Michael Haskins

Friday, April 27, 2007

SleuthFest - Friday

If the Mystery Writers of America’s Florida Chapter’s SleuthFest has a downside it’s the choices the participants have to make. Friday morning, beginning at 9, there were four 50-minute-long panels discussing everything from plot, female sleuths, the perfect pitch and death scene investigations. And on the hour, for the rest of the three-day event, new panel topics were offered and participants had to make hard choices on which one to attend, until it was over at 5 p.m. The variety of the panels was amazing. They covered everything imaginable, from technical items to mysticism, noir vs. cozies, music in mysteries, and the list went on!
How do you choose one out of so many good panels?
The 10 a.m. panel wasn’t hard to choose, because John Helfers, from Tekno Books/Five Star was on the Goldilocks & the Three Publishers panel. I had not met John, officially, so I wanted to introduce myself.
Joining John on the panel were Robert Gussin, Ocean View, and Stephen Hull, Justin, Charles & Co., all small publishing businesses outside NYC. The small publishers offer a new writer a much better chance of getting in print than the NYC publishers do. Of course, the reason for this is they pay a lot less and, in many cases, print runs are smaller. They do, often it seems, give higher royalty payments to authors.
The small publishers, these panelists said, depend heavily on their authors to sell books. Where NYC publishers usually have money for promotion, the small publishers have little, if any. While this was discouraging news to many in the audience, it was something I had looked into and knew going in. I actually have already begun plans for touring to promote my book, “Chasin’ the Wind” early next year.
As the publishers said, getting into the chain bookstores is difficult, but not impossible. The independent bookstores, especially those focusing on mysteries, are not impossible to get signings at, but it takes work.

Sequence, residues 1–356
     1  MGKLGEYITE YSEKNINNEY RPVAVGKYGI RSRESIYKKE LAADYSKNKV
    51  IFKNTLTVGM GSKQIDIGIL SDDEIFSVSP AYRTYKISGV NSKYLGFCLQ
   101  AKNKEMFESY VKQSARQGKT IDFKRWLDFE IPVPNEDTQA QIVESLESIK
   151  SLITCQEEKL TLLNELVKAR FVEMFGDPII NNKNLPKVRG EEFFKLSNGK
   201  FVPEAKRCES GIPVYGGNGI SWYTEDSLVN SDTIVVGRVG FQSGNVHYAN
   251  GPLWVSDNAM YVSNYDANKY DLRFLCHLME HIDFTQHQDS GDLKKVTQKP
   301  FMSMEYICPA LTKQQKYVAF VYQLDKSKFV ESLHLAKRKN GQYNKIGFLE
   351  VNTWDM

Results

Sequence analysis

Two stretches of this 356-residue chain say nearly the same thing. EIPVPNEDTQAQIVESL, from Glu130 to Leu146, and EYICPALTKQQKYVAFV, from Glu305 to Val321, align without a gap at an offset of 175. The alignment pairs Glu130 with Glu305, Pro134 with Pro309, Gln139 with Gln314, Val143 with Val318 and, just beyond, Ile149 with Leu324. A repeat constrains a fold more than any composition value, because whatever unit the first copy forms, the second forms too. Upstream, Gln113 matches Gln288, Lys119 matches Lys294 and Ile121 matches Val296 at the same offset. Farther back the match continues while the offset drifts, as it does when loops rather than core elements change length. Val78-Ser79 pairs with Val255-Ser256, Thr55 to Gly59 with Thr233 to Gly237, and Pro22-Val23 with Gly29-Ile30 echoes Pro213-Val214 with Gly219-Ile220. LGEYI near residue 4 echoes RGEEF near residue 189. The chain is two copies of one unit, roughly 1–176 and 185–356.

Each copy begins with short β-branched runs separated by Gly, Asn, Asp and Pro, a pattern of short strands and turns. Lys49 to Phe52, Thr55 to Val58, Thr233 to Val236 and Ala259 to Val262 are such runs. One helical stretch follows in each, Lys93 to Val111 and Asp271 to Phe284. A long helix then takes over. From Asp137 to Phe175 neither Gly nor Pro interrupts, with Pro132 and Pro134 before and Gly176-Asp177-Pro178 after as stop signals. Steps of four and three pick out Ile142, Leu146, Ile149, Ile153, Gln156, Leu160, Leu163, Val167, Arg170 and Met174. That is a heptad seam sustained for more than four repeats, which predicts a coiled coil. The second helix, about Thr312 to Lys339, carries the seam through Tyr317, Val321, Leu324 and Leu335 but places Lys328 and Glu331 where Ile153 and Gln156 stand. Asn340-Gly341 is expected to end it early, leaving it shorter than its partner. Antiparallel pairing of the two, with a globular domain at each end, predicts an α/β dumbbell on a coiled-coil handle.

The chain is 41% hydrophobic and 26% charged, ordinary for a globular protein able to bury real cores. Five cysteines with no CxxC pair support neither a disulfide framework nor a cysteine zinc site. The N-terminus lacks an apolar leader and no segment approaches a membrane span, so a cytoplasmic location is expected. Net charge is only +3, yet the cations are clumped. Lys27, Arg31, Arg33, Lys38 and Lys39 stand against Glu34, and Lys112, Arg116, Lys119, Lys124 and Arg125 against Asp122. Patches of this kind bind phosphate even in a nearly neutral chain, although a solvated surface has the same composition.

I spent many years as an MWA member in Southern California and in that time I haunted many mystery bookstores. When author Robert Crais was touring in South Florida, I met him at Murder on the Beach Bookstore, Delray Beach, and found out that many of the stores I went to were still in operation. They may have moved location, but they were in business. Since so many independent bookstores across the country are going out of business, this was good news. I will be visiting those stores, from Santa Barbara to Burbank in late June to remind the owners how much I spent in their stores.
I will have my press kit ready for my trip and, according to J.A. Konrath, the kit is important.
If you work in a bookstore in Southern California, or knows someone that does, e-mail me information and I will stop by when I’m there.
I never got to introduce myself to John, since I was the moderator at the 11 a.m. program, Knives, Guns & Other Fun Things. The guest speaker was Miami-Dade CSI crime lab expert John Mancini. As you have probably guessed, John had a good time poking fun at the TV CSI programs. He said he took the shows with a grain-of-salt and thought of them as entertainment, not fact. Though, he did admit, some on the CSI staff didn’t.
He presented a good and informative PowerPoint program on identifying weapons, including a variety of handguns and knives and various ammunitions. This was a must program for writers who like to make sure facts make it into their crime novels.
During the lunch break I finally caught up with John Helfers and we did get together afterward and for drinks at the pool after 5 p.m.
The special lunch guest speaker was René Balcer, Emmy Award winning writer/producer of “Law & Order,” as well as creator of “Law & Order: Criminal Intent.” He was an interesting speaker as he explained how the show is written and his being a stickler for facts.
John was listening to authors’ pitches after lunch, so we agreed to meet at the pool after 5 pm.
From 2:15 – 5:05 p.m., there were four panels, per hour and choosing which one to attend was difficult. I went to the PR Strategies for Selling Your Book,by NYC publicists Joannie and Nicholas Danieldies. (I am taking the spelling of names from the program, even though it is upsetting my spellchecker).
The information was good, but it all costs money and, according to the small publishers, they were not footing the bill. I can tell you firsthand, the advance from Five Star would not begin to cover the costs of PR.
My next two hours were filled with a two-part panel: Marketing Ideas: The Good, The Bad & The Ugly. Panelists changed for the second hour and my marketing plans for “Chasin’ the Wind” were supported, which made me feel good.
Coming next, drinks with the publisher!

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